I am delighted to be on the bill at the legendary Cabaret Futura on 20 April. If you don’t know, Cabaret Futura is a series of ‘uncategorisable entertainments’ that have been put together by musician, writer, performer and bohemian extraordinaire Richard Strange, on and off, since the early 1980s. I have no idea who else will be on. That is part of the charm and the thrill of Cabaret Futura. All I know is that there are bound to be some surprises and wonders among them. As for the audience, that is up to you! It would be great to see some friends there, so do book a ticket and come along if you fancy ;)
The piece that I’ll be reading for Cabaret Futura is new short story The Holborn Cenotaph, which comes out of my current ‘loose collaboration’ with the artist Stuart Brisley, Maya Balcioglu and Sanja Perovic. The Holborn Cenotaph is a satirical short, a Swiftian ‘modest proposal’. Spoiler-wise, I’m reluctant to say more. I first performed the story at an event that we did in the chapel at King’s College London as part of their Arts & Humanities Festival. Since Stuart Brisley has been a supporter of my samizdat publishing project Piece of Paper Press since the mid-1990s, it seemed apt to produce an edition of the The Holborn Cenotaph that could be given away at the end of our event. This is something that I have been trying to repeat at subsequent readings where possible.
I recently performed The Holborn Cenotaph at The MAC in Belfast (as part of this) and afterwards something quite extraordinary happened. I know that sounds like clickbait, but in this case it’s true. A student at Belfast School of Art who had attended the event at The MAC, and taken a copy of the publication, then took it upon themselves to perform my text in full to a new audience of fellow students at the art college the next day. Artist and friend Shirley MacWilliam who is an Associate Lecturer in Fine Art at the university takes up the story:
One of the students, Zara Lyness—to whom I think you spoke during the evening—read the whole thing. Very well. And brought the listeners to silence the way you did. Certainly it is a performance text—like a saprophyte that attaches itself to its host in time and space.
I find this very exciting as well as highly unusual. In my twenty-odd years of giving readings and performing my fiction in all kinds of venues and contexts, I have never known someone to then spontaneously re-perform one of my stories like this. In fact I don’t think I’ve ever heard of it happening to any writer colleagues either. (If you can think of another example of this, do please email me, as I would love to hear about it.)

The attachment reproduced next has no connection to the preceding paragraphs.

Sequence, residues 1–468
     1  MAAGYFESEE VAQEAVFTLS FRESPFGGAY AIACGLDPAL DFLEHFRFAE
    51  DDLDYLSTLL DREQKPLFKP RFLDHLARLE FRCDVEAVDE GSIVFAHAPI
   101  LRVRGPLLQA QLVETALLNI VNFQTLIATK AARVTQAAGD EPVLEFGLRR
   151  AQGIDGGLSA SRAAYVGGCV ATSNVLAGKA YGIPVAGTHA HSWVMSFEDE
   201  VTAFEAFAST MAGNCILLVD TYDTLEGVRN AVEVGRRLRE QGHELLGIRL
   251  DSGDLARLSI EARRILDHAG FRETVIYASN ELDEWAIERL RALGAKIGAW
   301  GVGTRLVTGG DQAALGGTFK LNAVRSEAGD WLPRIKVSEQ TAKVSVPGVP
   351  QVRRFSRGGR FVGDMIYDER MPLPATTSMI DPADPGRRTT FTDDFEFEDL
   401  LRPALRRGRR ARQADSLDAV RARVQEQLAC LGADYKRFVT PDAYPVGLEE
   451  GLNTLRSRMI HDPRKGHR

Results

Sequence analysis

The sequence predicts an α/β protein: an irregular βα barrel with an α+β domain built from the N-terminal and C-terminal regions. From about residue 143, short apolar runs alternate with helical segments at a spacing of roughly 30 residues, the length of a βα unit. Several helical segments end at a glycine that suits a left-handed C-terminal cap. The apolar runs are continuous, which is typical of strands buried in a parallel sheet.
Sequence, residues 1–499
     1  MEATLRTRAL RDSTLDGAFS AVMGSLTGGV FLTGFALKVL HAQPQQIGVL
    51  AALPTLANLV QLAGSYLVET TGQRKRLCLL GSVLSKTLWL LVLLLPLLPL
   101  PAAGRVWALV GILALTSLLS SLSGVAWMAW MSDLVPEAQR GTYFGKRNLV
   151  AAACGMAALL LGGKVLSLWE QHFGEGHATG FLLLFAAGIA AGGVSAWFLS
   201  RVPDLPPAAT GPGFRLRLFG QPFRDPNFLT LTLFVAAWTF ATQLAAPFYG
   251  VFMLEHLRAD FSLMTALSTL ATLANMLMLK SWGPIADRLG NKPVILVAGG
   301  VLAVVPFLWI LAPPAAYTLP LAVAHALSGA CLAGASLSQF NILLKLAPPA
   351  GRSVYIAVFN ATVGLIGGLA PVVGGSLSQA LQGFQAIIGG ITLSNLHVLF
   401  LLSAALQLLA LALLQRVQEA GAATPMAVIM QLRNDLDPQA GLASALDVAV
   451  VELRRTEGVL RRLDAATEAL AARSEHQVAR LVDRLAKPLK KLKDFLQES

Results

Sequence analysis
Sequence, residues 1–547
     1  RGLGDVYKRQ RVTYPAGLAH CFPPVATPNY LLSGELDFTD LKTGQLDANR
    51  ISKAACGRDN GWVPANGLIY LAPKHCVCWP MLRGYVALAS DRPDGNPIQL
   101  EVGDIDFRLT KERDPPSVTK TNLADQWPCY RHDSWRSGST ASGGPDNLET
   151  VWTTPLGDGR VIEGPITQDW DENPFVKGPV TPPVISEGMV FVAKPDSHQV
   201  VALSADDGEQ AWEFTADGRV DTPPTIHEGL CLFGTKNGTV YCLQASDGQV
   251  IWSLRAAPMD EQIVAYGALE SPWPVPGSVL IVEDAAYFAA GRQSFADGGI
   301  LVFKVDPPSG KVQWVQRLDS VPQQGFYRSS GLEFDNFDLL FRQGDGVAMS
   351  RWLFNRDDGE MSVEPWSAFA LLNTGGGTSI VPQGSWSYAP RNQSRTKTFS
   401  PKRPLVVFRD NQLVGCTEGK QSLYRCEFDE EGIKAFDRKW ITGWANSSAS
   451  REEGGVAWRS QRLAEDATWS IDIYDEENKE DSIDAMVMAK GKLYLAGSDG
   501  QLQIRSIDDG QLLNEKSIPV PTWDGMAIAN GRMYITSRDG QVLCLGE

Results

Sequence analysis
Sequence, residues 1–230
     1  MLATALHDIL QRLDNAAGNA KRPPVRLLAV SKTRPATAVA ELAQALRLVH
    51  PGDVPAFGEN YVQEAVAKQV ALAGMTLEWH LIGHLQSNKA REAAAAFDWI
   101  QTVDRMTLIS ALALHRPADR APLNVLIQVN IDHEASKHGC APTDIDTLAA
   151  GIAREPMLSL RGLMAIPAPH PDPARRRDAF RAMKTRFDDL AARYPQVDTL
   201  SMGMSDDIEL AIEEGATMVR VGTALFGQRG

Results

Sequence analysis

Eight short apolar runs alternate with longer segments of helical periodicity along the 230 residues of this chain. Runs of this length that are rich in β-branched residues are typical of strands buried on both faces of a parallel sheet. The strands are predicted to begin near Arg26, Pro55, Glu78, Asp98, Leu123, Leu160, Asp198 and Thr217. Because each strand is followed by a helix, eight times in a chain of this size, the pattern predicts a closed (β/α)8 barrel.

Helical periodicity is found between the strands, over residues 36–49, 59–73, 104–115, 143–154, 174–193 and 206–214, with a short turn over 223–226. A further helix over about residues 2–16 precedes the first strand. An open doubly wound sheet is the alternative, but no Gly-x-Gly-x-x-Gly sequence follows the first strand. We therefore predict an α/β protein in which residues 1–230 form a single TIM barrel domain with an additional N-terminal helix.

This kind of response to The Holborn Cenotaph has spurred me on to consider doing more readings of the story, so I am particularly thrilled to be able to present it at Cabaret Futura on 20 April. Do please come along if you can.
That reminds me, when I got back from Belfast, I included The Holborn Cenotaph in my set for lively London literary line-up In Yer Ear. I also included a reading of the opening chapter of my 1999 novel CHARLIEUNCLENORFOLKTANGO (in honour of my late friend the author and poet Malcolm Bennett ((1958-2015)) whose favourite it had been, and whose funeral was being held the next day). Reading from CHARLIEUNCLE… is quite involving for various reasons, as you will know if you’ve seen me reading, so I wasn’t able to stop and turn around when someone shouted out a panto-style, ‘Behind you!’, but luckily In Yer Ear’s regular photographer Peter Clark was able to get a shot of this visitation (above), which was unscheduled, but right on cue.
Now, London gallerist Domo Baal (who had been in the audience at In Yer Ear) sends another photo, this time wondering if The Holborn Cenotaph is actually being built. ‘Do you think,’ she asks, ‘someone was listening?’
Cabaret Futura, 20 April, 8:00pm—£10.00 booking essential
Paradise by way of Kensal Green 19, Kilburn Lane Kensal Rise W10 4AE